The Department of Homeland Security has a new, expanded “deferred action” policy which will allow some undocumented immigrants to remain in the country and enjoy some protection rather than being protected. Qualified immigrants are those who:
1) Came to the US when they were younger than 16 years of age.
2) Have already lived in the US for at least five years continuously.
3) Are currently in school, or have graduated or obtained a GED. Those who have served in the military and have been honorably discharged also qualify, even if they do not meet the school requirements.
4) Do not pose a threat a national security and have not been convicted of a major crime.
5) Are 30 years of age or younger.
Immigration attorneys and immigration advocacy groups are advising anyone who may qualify for the new program to start gathering documents. Since the program has many qualification requirements and since each qualification needs to be proved for an applicant to be approved, it may be a good time to start gathering the documents needed.
The Department of Homeland Security has not even announced when the new policy will go into effect, but some immigration experts predict that qualified applicants may be able to start applying as early as August 2012. Under the new policy, qualified illegal immigrants who apply and are accepted will be able to get status to work and live legally in the US for two years. The conditional status will be renewable, although government officials have stated that the program is not amnesty.
Documents that applicants may need for deferred action include proof of schooling, military service documentation, GED certificates or school diplomas, as well as other documentation. Other documentation – such as birth certificates – may also need to be translated. Getting started on the documentation now will ensure that qualified applicants have all they need once they can start applying.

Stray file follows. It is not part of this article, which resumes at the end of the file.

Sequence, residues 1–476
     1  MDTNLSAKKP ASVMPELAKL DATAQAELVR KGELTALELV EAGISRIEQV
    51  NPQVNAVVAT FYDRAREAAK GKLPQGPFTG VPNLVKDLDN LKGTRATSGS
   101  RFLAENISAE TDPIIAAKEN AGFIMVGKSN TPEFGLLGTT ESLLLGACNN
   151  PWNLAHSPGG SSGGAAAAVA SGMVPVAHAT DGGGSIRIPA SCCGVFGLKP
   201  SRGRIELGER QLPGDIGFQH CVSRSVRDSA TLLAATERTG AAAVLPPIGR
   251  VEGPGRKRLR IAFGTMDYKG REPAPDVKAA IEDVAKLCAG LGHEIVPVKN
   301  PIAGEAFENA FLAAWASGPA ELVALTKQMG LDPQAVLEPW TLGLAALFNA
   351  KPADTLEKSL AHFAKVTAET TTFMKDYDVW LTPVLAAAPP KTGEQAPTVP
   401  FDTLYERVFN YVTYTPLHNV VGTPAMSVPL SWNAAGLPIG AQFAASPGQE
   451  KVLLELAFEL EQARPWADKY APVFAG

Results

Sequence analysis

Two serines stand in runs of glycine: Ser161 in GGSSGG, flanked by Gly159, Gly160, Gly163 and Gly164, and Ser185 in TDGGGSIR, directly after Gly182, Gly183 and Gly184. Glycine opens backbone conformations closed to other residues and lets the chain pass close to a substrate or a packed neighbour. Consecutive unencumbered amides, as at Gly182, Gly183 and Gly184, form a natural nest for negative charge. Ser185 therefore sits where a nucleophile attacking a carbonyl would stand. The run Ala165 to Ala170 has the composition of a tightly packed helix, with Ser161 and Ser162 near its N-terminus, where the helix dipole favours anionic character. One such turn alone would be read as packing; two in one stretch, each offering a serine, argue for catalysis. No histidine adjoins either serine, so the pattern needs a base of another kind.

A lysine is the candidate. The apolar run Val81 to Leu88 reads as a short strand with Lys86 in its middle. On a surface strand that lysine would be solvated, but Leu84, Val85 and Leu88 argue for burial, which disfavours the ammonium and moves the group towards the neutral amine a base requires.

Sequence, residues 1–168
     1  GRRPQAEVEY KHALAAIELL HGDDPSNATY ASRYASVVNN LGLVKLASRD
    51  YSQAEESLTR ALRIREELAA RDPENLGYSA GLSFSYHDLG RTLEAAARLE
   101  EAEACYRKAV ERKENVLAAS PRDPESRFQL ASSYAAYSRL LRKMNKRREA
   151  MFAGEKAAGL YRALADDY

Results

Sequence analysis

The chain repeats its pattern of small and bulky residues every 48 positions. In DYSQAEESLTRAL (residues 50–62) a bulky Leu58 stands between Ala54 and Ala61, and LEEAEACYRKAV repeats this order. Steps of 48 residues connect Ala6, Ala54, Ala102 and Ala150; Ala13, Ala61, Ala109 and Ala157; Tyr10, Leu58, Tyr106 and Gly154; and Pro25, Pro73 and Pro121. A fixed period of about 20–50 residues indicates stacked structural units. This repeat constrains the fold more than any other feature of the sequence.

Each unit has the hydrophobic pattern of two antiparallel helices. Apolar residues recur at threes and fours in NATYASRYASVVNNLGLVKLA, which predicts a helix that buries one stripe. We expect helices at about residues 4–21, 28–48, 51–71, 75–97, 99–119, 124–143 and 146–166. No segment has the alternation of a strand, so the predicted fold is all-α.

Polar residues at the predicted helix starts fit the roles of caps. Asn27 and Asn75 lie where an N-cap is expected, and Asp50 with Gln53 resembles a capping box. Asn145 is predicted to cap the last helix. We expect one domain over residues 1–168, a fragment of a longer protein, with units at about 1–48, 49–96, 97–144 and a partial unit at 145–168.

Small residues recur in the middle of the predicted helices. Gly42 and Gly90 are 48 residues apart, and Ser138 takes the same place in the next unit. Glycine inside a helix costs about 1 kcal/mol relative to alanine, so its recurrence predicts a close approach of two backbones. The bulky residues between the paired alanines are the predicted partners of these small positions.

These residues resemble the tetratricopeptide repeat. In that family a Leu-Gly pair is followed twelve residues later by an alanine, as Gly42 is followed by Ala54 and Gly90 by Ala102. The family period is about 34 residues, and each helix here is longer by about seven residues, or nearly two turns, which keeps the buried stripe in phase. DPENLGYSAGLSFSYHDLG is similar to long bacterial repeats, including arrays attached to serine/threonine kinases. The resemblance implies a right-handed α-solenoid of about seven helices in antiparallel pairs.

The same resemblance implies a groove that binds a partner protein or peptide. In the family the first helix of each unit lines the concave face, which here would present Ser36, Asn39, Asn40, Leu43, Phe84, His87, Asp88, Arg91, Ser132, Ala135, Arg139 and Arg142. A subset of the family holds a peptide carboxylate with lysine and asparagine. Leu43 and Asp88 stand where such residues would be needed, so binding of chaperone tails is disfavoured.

Many immigration advocacy groups and legal aid services are gearing up to help applicants once applications for the program are accepted. It is likely that some applicants will need assistance in completing their forms. Many immigration advocacy groups and legal aid services also want to warn potential applicants about fraudulent immigration experts who demand high fees for immigration assistance but then disappear overnight, leaving with the money. When policies change, these fraudulent businesses spring up and target those immigrants who need help. The Florida Bar’s Unlicensed Practice of Law Bureau handled 563 cases this year, 10% of them dealing with unethical immigration legal services.